In a digital world where Pixar and Shrek rule supreme, many undercutting CGI hopefuls dare to make the voyage to theaters, in hope that they will somehow be able to pull off a Goliath sized upset and make a dent in the already saturated box-office. While Space Monkeys, Igor and Star Wars: The Clone Wars all tried their hand at it, each failed miserable. Now, with the end of the year looming, Universal takes on the dominating forces with their own The Tale of the Despereaux.
The film, which is presented in CGI animation, tells the life story of an adorable, tiny mouse. Graced with over sized ears, Despereaux always looked different to those around him; but no one expected the guy to be so stubborn. Refusing to live his life cowering, Despereaux befriends a Princess named Pea and learns to read (not eat) books. Through his reading, he is introduced to extraordinary stories of knights, dragons and fair maidens. By doing all this, Despereaux finds himself banished from Mouseworld for being far more than an ordinary mouse. In desperate need of protection, he seeks safety in the hands of Roscuro, a powerful rat who wants to hear the tales which Despereaux has read about. But when the Princess dismisses Roscuro’s friendship, a series of events leads to an unfortunate kidnapping. Now, with the power to influence an entire kingdom, a tiny mouse must muster up the willingness to forgive and forget, thus proving that the way you look will never fully reveal exactly who you are.
While animated films are known for their moralistic characters, coming of age stories and life lesson endings, there is always part of me that hopes for a little change. Whether it be any of the three common aspects, that is irrelevant; however, what isn’t, is that the expected is growing old, even for the young ones. No longer do amazing visuals and innocent characters work, but rather a sense of the unexpected. Take Shrek for example; sure the characters were cute, but the story was strong and unique, giving audiences an experience they had never seen before. The same goes for Pixar’s hit Wall-E. Viewers are smart these days, wanting more bang for their buck, and sadly, The Tale of Despereaux doesn’t provide that much needed spark.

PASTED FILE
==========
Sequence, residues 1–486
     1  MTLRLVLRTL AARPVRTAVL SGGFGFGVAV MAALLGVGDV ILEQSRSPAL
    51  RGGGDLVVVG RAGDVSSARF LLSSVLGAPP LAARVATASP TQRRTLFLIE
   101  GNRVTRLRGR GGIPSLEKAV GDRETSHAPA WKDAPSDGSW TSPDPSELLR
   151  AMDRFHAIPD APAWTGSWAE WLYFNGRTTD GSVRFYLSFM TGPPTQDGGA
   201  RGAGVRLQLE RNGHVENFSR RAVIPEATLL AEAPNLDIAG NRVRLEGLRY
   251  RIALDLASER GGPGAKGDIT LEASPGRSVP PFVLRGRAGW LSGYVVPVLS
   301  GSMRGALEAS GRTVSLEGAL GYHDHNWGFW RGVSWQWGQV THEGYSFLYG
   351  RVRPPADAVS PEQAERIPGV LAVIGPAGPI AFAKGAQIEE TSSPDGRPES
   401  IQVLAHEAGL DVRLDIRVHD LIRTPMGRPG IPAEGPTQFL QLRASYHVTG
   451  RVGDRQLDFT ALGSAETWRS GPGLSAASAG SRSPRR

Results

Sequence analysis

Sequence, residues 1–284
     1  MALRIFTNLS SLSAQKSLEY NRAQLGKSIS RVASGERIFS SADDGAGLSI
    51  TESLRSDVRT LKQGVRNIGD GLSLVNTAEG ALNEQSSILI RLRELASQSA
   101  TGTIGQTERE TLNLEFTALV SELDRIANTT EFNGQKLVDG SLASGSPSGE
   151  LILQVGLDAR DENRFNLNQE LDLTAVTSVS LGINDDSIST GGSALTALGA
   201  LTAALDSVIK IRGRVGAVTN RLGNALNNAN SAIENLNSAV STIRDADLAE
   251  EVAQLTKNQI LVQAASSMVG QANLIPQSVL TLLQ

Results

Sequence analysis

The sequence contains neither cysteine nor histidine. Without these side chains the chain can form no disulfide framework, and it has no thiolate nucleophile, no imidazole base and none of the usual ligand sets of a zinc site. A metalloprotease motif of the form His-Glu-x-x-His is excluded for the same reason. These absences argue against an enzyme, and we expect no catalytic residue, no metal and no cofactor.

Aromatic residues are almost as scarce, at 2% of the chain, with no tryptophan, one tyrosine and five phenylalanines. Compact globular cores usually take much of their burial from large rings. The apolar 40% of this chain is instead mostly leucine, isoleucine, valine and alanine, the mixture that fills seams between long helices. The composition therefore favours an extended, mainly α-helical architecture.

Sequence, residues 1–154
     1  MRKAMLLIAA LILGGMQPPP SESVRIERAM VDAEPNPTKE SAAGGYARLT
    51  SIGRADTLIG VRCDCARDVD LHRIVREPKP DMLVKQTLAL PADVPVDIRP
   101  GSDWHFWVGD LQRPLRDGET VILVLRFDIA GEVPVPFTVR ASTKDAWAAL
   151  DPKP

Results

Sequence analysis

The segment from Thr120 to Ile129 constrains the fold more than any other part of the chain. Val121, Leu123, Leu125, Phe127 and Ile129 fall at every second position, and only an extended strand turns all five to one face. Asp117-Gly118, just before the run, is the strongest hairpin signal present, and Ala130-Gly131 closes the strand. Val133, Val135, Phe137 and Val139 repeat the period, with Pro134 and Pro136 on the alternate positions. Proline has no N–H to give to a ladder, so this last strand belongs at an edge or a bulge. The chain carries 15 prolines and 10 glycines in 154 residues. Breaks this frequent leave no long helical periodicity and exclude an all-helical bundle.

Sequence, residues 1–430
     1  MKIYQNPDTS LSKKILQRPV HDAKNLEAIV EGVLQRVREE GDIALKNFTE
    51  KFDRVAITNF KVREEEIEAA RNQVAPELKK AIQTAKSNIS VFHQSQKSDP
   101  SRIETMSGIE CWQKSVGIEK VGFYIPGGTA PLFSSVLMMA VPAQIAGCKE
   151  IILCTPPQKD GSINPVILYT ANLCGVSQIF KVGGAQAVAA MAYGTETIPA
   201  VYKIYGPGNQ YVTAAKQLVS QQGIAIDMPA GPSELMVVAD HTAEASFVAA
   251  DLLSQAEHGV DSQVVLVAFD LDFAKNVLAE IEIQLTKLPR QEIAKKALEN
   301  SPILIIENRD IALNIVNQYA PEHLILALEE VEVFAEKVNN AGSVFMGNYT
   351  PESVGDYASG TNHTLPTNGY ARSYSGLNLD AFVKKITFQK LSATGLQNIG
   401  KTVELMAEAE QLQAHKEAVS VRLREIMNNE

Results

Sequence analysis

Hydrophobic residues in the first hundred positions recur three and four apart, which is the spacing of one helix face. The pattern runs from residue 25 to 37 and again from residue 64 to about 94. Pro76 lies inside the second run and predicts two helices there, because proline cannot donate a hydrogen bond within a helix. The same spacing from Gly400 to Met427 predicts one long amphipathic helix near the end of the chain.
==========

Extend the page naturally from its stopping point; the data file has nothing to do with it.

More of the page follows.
The mishaps are present from the very beginning as audiences are introduced to Despereaux and his anti-mouse ways (all of which was shown in the film’s over-revealing trailer). Though humorous, and somewhat enjoyable, the film fails to materialize on its opening as it tries too hard to be different. Instead of playing out the story and taking strides as they come, Despereaux and company jump out in the beginning, finding themselves in the head of the pact, but running out of air at an alarming rate.
The characters, other than Despereaux, are uninviting as they all come across as unemotional and one-dimensional. Rarely do they show a hint of excitement and never do they seem at peace with where they are. This with the amazing talent of Dustin Hoffman, Richard Jenkins, Kevin Kline, Frances Conroy, Frank Lengella, Christopher Lloyd, Emma Watson and the list goes on and on and on. But sadly, other than the work of Matthew Broderick as the dreamer Despereaux, no one really causes a stir with their given role. Their delivery is often flat as it lacks the necessary emotion, failing to connect with the audience and becoming satisfied with simply going through the motions and delivering a series of anticlimactic lines that hinder the overall film, dragging it through the mud for an uneventful adventure of heroism and self-discovery.
On top of that, the ending, which seemed to be decades ahead, comes swooshing in with no warning or indication, making you wonder what exactly went on in the editing room. Was the film running too long and in desperate need of a cut? Were there some unfinished scenes that couldn’t be completed in time? Or was it simply the story’s path that seemed so incomplete? Sadly, we will never know the answer; but one thing we do know is that in the competitive world of CGI animation, The Tale of Despereaux just doesn’t make the cut.